Sunday, September 25, 2011

'Beautiful Day'

Yesterday was a good day, for many reasons.

At 5:15 a.m., I drove in the dark to put out water, power drinks and food along my planned route, which would start and end at Grassland Park. The route that traverses farms, grassland and the Harpeth River follows Moran Road, Old Natchez Road and Del Rio Pike. Runners World magazine has a photo feature called "Rave Run" in each issue; yesterday's route would qualify.

My solo run began at 5:45 in snappy sub-50 air and with a Dire Straits shuffle on my iPod. I ran through patches of mist, which became increasingly enthralling as the sun slowly rose. On Moran Road, I gazed at horses, silhouettes in the misty dawn framed by barns in the distance. A red-tailed hawk chased a small bird, hoping to conclude the dance with a morning meal. Bluebirds chirped from fences, while mating doves watched them from a higher perch. The sky alternated between rose and sky blue before settling on a dominant azure.

A common sight along Moran Road

I stopped for only a minute at miles 3, 6 and 8.5, simulating the race I'll be running next month. Near Mile 6, my good friend Michael rode alongside on his bike, chatting for a few minutes before continuing his 40-miler to Leipers Fork. He was one of hundreds of bikers I would see; I saw only 10 runners the entire morning. Everyone said hello.

Part of the challenge of running 20 miles is the loneliness as the mileage increases. But I was loving the music, the scenery and cool air. After the Mile 10 turnaround, where my average pace was 10:40/mile, my knees began to ache mildly. As the discomfort gradually increased, I struck up conversations with Dori, as well as Chuck, Sigourney and other friends whose lives were cut short by cancer. Their soothing smiles gently nudged me down the road. The pain faded.

I picked up the pace the last three miles, finishing in three hours, 31 minutes, a 10:33/mile average pace.

Feeling good, I cranked up some U2 and drove to the fuel stops to retrieve my trash. When "Beautiful Day" started, I thought of the irony. That was Dori's favorite song. I shed some tears, something I hadn't done since early August. I thought, "Today is indeed a beautiful day, my love." I knew she was there with me yesterday.

This week's 36 total miles went very well. I have one more really long run, 22 miles, in two weeks. I would love for that run and race day to be similar to yesterday. Spirituality cancels the pain.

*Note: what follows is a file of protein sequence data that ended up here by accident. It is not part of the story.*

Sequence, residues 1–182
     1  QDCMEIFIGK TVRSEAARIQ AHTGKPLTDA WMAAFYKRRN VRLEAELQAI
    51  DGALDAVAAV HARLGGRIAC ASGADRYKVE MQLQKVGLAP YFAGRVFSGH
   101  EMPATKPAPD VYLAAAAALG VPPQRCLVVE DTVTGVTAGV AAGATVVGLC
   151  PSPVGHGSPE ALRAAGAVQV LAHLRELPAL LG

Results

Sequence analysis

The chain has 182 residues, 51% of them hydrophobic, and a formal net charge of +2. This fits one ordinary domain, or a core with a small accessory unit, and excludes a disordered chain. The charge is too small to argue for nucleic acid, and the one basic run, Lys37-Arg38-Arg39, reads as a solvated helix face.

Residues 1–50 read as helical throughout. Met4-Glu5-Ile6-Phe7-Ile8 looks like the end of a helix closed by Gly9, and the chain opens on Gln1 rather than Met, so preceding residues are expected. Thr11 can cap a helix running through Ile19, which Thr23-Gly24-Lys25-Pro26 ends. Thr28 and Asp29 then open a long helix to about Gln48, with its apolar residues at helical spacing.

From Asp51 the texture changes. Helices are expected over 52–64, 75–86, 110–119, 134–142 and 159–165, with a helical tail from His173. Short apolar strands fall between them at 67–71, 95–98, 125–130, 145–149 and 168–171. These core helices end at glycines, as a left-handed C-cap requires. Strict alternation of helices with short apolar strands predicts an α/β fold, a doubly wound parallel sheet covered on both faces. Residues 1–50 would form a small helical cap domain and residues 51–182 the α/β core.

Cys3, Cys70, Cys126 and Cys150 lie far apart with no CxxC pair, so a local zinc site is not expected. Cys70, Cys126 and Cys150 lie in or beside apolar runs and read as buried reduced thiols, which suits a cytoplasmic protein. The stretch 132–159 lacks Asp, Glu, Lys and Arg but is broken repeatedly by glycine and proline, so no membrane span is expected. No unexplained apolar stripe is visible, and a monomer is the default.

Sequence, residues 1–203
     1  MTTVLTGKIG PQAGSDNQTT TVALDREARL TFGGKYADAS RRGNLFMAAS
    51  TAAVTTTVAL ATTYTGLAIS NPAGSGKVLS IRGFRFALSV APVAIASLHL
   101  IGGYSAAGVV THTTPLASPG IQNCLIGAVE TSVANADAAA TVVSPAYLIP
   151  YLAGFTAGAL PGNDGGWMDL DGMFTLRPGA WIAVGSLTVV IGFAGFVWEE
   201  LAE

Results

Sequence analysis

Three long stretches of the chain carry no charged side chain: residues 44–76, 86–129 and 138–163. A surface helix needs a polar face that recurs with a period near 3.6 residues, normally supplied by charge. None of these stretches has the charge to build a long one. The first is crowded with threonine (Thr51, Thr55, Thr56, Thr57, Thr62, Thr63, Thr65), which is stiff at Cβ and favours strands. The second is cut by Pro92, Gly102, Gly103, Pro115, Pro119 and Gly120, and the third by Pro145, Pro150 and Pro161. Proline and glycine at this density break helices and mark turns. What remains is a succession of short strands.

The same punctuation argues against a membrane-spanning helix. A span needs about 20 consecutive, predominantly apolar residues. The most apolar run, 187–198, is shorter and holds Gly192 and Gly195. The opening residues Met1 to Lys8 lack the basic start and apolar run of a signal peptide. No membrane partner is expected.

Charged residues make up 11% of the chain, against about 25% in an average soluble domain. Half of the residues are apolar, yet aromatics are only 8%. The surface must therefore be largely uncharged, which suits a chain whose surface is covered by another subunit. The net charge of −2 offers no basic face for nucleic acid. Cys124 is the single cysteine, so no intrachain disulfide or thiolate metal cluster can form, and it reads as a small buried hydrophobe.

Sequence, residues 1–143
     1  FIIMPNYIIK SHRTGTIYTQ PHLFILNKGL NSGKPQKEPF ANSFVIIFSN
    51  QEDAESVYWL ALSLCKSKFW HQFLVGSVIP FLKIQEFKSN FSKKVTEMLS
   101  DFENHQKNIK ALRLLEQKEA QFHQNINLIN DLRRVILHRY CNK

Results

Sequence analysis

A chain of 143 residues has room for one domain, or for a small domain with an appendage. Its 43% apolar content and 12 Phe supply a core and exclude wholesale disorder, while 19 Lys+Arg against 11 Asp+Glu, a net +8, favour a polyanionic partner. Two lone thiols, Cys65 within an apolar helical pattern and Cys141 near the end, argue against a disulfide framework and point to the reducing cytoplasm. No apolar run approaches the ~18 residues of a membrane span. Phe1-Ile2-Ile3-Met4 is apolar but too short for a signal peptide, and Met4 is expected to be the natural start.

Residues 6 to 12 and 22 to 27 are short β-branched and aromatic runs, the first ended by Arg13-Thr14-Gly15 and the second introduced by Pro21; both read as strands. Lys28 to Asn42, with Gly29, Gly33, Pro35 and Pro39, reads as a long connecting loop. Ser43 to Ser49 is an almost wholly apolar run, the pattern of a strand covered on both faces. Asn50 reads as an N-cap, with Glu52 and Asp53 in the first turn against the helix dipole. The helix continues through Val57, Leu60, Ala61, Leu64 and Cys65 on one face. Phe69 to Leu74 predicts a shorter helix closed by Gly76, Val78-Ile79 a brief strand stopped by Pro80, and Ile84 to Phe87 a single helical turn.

Thursday, September 22, 2011

When It Rains ...

Sometimes, I wonder if I'm asking friends for too much support for cancer research funds. Then, I have a week like this one.

A few days ago, I read about a prominent attorney who died from AML, the same cancer that took Dori's life. Today, one of my co-workers announced he lost his young brother in his early 40s to non-Hodgkins lymphoma. His brother leaves a wife and two boys, ages 12 and 9. This afternoon, a friend told me about a co-worker who lost his three-year-old to stomach cancer.

I thought today about other obvious reasons I'm running, and the ask becomes easy. So here's the link. Some checks are in the mail, putting the effort at $9,000. Your help is most appreciated. I hope the Kanzius Cancer Research folks think this effort is a good one, and I hope more people do something.

One other thing. I spoke with someone who helped me put in perspective when a friend says something awkward or even unintentionally hurtful. He said maybe I could relate to this: "Other than your husband being shot, how was the play, Mrs. Lincoln?"

Don't worry. I'll only think about that and won't ever say it. Our secret.

Sunday, September 18, 2011

Right Again

When Vanderbilt hired football coach James Franklin last December, Dori took notice while I yawned. I had already decided not to renew my two season tickets, frustrated with decades of ineptitude and seeming waste of half my busy weekends. Dori kept chirping all winter, "Jim, I like this coach. You need to support him. He seems a lot like Tim Corbin (Vandy's baseball coach)."

"Give him a chance."

She finally wore me down, and I purchased four tickets, not two.

Yesterday, Vanderbilt smashed Ole Miss, 30-7. After watching the first three games, I see a much better coached, aggressive team. The offense isn't quite there yet, but they are creative and play hard. The defense is amazing. They punish opponents and are trying to score harder than the other team's offense. They've scored at least 23 points the first three games and set up other scores. Special teams? I wouldn't want to return kicks against us.

Yesterday's blowout win was Vandy's largest against an SEC opponent in 40 years. After the game, the coach and players talked about each other, using words like "family," "we," and "each other." The schedule looks daunting, but I'm looking forward to watching these guys play more football.

I left the house yesterday morning at 5:30 to run 13 miles. Armed only with an ipod, yogurt pretzels and water, I ran downtown, around Vandy's campus and back home. The beginning and end of the run weren't easy, but overall I ran fine, a 10:26/mile pace. This week, I ramp up the mileage considerably, running 20 on Saturday.